Flat Earth: How Understanding the Myths Can Make You a Better Public Speaker

160129_flat earthSo we’ve all been fooled: the Earth is actually flat. Yes, this week, in news which falls squarely in the category of: “I thought we’d sorted this all out a few centuries ago??”, American rapper B.o.B. has been explaining to his 2.3m Twitter followers that we’ve been fooled all these years. Forget all of that tricky science and the photographs and people actually seeing things with their own eyes. So far he’s been silent on whether our world is a disc borne on the back of a giant elephant which is in turn standing on four turtles swimming through the void of space – but I’m keeping an eye on his Twitter feed and I’ll be sure to let you know as soon as he does.

This got me thinking, in a tangential kind of way, about another area where we are often fed (and swallow) big myths: public speaking. We’ve all been there: as soon as we find out that we need to do something like a wedding speech or a business presentation, lots of people pop up with helpful (or not so helpful) advice. Here are five of the biggest myths which are constantly recycled when it comes to public speaking, for you to think about once you’ve stopped wondering where the edge of the world is, and why we don’t ever hear about people falling off it (maybe Donald Trump’s already built us a wall?).*

Myth 1 – Natural public speakers never get nervous

I’m sure you’ve seen a great presenter—whether it’s a friend, a colleague or someone famous— and marvelled at how effortless they make it look, and how they don’t come across as nervous at all. From there it’s a very short leap to think that some people are just “naturals” at public speaking.

Let’s be clear: there’s nothing special about public speaking. It’s a skill, just like reading or writing or playing golf; and like all those skills, it can be learnt and practised. Anyone can learn how to be a public speaker, just like anyone can learn to write a story or kick a ball. In fact, it’s even easier than that, as you’re using a skill you learnt when you were a toddler and have used every day of your life: speaking.

As for “natural” public speakers never seeming nervous, if you were to take a list of recognised great presenters, I bet you’ll find that the majority started off hating the very thought of standing up and speaking in public. Not only that: even the best public speakers will still admit to some level of nerves before standing up: even if you might not think they’re showing them. The key is what they do with those nerves: the best public speakers (just like the best sportspeople, actors and other performers) will channel their nervous energy into their performance, helping them to do the best job they can.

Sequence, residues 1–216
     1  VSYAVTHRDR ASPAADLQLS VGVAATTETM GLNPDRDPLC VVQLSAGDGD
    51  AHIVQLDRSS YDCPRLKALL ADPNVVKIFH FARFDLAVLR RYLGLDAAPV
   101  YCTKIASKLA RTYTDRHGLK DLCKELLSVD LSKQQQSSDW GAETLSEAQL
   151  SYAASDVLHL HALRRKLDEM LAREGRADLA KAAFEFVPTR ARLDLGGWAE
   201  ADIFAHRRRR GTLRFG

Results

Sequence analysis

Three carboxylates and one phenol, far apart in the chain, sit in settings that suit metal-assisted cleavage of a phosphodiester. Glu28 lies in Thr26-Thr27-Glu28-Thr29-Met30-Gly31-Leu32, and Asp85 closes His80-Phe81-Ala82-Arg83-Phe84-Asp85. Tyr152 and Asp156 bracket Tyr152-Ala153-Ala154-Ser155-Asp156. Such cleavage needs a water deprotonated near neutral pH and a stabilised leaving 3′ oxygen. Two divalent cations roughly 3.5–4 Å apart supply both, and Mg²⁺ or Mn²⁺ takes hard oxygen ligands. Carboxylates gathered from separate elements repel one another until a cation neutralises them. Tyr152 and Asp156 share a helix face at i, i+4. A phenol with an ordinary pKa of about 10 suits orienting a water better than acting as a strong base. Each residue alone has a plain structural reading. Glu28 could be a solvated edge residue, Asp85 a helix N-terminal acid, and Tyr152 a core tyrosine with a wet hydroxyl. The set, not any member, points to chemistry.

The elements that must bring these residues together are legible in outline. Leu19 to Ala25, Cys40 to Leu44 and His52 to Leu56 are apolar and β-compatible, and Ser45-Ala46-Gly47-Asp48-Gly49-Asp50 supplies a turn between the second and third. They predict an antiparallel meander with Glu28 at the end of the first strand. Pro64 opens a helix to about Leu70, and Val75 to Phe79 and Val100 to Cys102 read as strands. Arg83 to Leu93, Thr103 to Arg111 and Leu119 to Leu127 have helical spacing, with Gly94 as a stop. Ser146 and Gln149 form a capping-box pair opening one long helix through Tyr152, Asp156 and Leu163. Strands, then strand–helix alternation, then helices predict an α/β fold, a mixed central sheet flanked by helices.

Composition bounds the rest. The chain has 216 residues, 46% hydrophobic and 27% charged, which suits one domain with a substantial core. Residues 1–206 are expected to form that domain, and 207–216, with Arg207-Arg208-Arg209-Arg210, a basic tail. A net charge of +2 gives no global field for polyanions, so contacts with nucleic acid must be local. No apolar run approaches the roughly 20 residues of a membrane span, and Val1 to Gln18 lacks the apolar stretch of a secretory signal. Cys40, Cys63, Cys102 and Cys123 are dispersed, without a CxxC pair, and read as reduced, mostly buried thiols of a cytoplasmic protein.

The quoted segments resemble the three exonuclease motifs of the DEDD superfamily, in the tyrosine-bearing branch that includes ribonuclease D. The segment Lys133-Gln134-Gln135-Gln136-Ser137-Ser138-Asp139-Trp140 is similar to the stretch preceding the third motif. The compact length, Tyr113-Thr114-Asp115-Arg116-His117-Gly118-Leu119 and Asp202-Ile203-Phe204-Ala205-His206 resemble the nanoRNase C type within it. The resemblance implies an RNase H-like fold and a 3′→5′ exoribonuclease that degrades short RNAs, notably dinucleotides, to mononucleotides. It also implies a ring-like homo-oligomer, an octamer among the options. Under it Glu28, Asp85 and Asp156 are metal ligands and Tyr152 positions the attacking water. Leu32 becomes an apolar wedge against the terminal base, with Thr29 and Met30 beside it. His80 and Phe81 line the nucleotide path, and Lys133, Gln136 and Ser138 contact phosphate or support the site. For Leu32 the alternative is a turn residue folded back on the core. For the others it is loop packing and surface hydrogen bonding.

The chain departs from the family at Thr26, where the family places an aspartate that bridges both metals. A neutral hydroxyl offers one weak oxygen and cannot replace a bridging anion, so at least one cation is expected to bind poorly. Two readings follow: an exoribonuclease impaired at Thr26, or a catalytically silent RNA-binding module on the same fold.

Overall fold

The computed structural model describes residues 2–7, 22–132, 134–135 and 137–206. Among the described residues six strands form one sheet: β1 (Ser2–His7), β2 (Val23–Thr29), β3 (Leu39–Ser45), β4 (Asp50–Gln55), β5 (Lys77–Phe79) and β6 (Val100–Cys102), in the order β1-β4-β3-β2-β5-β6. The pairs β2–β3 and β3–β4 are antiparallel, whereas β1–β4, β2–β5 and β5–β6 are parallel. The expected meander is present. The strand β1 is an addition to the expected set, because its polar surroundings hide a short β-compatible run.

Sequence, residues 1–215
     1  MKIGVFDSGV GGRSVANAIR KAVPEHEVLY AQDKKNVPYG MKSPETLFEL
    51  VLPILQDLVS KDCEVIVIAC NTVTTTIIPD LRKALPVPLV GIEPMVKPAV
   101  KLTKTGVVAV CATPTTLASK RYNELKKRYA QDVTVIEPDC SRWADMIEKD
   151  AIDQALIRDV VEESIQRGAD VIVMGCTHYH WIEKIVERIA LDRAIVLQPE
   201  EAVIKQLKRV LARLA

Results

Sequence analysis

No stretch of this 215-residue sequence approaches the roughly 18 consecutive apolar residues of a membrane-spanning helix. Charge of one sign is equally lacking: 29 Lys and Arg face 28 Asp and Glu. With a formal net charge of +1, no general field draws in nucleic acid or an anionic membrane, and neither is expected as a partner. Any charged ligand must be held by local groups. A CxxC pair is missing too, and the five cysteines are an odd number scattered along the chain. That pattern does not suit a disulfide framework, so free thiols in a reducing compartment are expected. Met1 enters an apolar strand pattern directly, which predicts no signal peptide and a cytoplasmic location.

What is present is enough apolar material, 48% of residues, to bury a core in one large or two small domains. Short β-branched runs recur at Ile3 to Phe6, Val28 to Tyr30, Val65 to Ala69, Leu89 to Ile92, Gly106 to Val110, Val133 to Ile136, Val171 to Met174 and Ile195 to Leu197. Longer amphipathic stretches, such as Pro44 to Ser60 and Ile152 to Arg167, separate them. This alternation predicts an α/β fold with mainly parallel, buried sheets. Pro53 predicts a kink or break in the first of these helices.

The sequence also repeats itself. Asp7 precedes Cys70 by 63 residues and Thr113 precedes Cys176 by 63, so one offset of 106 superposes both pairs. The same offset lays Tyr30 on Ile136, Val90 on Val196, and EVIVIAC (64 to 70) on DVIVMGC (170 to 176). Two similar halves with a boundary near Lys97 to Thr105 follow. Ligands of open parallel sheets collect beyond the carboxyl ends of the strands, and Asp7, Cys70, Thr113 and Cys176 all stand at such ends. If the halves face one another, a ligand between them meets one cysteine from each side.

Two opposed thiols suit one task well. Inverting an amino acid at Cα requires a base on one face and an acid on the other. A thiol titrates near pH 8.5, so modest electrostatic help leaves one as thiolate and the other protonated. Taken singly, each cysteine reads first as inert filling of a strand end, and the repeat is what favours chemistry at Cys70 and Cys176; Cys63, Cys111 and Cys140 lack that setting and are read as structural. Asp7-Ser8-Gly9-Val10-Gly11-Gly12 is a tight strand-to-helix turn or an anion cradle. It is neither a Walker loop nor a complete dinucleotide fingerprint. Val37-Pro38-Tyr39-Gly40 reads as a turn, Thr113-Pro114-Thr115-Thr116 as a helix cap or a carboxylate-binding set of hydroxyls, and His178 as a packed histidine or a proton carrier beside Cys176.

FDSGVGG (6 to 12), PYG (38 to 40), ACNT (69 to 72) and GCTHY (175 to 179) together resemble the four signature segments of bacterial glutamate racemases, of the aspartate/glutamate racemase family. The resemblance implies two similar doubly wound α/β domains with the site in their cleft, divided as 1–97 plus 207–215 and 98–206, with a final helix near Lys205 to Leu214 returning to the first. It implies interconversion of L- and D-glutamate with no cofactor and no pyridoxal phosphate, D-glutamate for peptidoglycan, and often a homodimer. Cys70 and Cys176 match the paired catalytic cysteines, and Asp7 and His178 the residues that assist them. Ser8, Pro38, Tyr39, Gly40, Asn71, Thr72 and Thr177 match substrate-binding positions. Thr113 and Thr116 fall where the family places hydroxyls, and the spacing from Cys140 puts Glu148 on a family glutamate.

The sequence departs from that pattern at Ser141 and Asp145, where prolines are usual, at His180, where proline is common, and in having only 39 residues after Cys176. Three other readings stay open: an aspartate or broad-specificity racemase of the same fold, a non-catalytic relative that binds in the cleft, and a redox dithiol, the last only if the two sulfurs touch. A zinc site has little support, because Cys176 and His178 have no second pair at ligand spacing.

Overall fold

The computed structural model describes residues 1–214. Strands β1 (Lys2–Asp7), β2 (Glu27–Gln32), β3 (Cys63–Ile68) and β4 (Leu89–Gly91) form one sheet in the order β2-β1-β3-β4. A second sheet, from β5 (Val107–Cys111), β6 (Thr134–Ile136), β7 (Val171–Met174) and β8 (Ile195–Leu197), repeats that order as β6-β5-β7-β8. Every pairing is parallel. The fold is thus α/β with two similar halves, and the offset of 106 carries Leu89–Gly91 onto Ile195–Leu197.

The lesson? We’re all created equal when it comes to public speaking, we all get nervous and we get all learn to get better with practise and training – just like any other skill.

I’ll leave the last words here to that great thinker of our time, Beyonce Knowles (this article is nothing if not high-brow!): “I think it’s healthy for a person to be nervous. It means that you care – that you work hard and want to give a great performance. You just have to channel that nervous energy into the show. I get nervous when I don’t get nervous. If I’m nervous I know I’m going to have a good show.”

Myth 2 – They’ll all hate me / laugh at me

No they won’t. Think back to when you’ve been in an audience watching someone speak. If they stumbled or something went wrong, chances are that your instinct was to sympathise with them, to want things to go well for them. It’s human nature (unless of course you have psychopathic tendencies) to want people to succeed and to help those who are struggling. Whatever you may think of your audience, I’m betting you’d be hard pressed to really consider them all 100% psychopaths – if they are, then you need to seriously reconsider your choice of friends / colleagues / clients!

Myth 3 – Speak to the back of the room

As a highly nervous school kid I was once given a piece of advice when getting ready for a Christmas play: if you’re nervous, just ignore everyone and perform to the back of the hall. Unfortunately, this is advice which seems to have stuck for far too many people, and really should be ignored at all costs.

Think about it. You’re listening to a presenter who stares right past everyone as they talk: all the time. You start to wonder what they’re looking at; even worse, they don’t pick up on the atmosphere in the room and lose the audience’s attention because, rather than talking to people, they’re talking to a big lump of brick and concrete.

Imagine you were having a one-on-one conversation with someone, and rather than looking at you they were staring over your shoulder the entire time. You’d think that person rude, right? You’d also find yourself stopping to care what they had to say to you, as they clearly aren’t interested in you…